How do I judge a good audiobook? By the amount of time I am willing to drive. Because, as you all know I am not a fan. And I knew it was a winner when my child asked if we could keep driving so we could finish a story. Jennifer Haigh is one of my favorite authors. She’s a quiet craftswoman who is brilliant and teases out a different story every time. I somehow missed her short story collection News From Heaven: The Bakerton Stories. Haigh returns to the fictional Pennsylvania coal town that she created in her first novel, Baker Towers. Spanning years and generations the stories look at the lives of the town’s people whether they be to gentry born or down in the mines, and either at home in Bakerton or out in the larger world. The audio has a cast of narrators which I love and totally adds to the story telling. You needn’t have read Baker Towers to enjoy this cross section of life but I think if you haven’t this collection will totally make you want to.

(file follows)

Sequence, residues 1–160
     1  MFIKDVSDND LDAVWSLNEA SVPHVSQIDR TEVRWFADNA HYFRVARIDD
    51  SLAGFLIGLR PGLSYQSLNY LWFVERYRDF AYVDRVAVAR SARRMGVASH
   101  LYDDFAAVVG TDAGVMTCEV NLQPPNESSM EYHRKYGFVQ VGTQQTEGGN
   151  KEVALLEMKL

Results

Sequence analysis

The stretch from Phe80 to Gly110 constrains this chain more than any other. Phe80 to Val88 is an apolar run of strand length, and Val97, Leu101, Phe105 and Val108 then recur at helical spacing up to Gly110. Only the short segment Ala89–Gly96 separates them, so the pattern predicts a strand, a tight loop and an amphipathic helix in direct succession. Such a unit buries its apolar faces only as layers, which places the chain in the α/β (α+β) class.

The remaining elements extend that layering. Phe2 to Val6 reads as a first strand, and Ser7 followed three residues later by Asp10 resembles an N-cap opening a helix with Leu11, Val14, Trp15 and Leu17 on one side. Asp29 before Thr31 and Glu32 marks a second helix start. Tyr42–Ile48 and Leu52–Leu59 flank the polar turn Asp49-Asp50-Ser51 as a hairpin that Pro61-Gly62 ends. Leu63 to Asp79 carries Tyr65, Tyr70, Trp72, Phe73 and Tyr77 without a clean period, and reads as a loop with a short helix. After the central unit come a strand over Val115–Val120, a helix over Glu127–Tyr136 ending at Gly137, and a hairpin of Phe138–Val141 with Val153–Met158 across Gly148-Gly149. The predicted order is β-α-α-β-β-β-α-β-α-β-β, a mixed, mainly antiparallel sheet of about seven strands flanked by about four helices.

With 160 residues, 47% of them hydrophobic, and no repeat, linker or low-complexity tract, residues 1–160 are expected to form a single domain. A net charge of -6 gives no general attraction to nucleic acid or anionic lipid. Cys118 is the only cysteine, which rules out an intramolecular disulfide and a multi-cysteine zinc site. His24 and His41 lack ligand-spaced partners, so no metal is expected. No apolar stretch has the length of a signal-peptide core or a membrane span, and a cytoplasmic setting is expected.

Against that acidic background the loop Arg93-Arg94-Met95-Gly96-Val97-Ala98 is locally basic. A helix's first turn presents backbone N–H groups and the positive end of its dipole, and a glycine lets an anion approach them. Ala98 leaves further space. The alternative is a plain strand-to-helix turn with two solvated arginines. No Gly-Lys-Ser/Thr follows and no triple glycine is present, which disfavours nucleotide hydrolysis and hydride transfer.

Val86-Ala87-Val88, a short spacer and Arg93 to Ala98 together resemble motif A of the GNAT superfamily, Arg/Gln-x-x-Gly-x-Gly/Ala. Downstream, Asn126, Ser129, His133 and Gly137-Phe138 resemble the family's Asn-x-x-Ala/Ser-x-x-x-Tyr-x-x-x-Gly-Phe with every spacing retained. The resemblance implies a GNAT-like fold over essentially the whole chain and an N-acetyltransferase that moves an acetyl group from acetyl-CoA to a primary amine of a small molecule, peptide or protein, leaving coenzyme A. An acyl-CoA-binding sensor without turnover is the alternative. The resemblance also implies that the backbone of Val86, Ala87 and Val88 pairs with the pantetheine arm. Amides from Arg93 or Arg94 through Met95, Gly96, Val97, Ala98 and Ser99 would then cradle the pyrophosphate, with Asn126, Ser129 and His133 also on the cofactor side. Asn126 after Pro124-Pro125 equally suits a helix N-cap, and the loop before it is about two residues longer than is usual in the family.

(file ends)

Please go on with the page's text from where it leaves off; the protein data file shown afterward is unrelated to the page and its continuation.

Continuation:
DJ Jazzy Patty McC is here from Meat Chicken and I know I am not alone in being relieved and not disappointed this week. What’s good Pats? “Spring is in the air here and with it comes the song of birds. One of the great things about moving into a new place is the new flora and fauna that arrive in the springtime. It’s a gift to see what perennials others have planted in the yard before you owned a particular plot. In our case, it’s just hostas. I was hoping to see some tulips or lilies. It makes me wonder how my bulbs are doing back in Darien. I hope the new owners enjoy the red lilies, irises and tulips. Here, the most beautiful thing has happened. Every morning I am awakened by the sound of a glorious songbird. I have no idea what kind it is and have never seen it but its song is lovely and melodious. So this week when Jen shared the piece about what I’ve dubbed “Pigeon Sky Art” I was thrilled. Enjoy what this Spring gives to you.”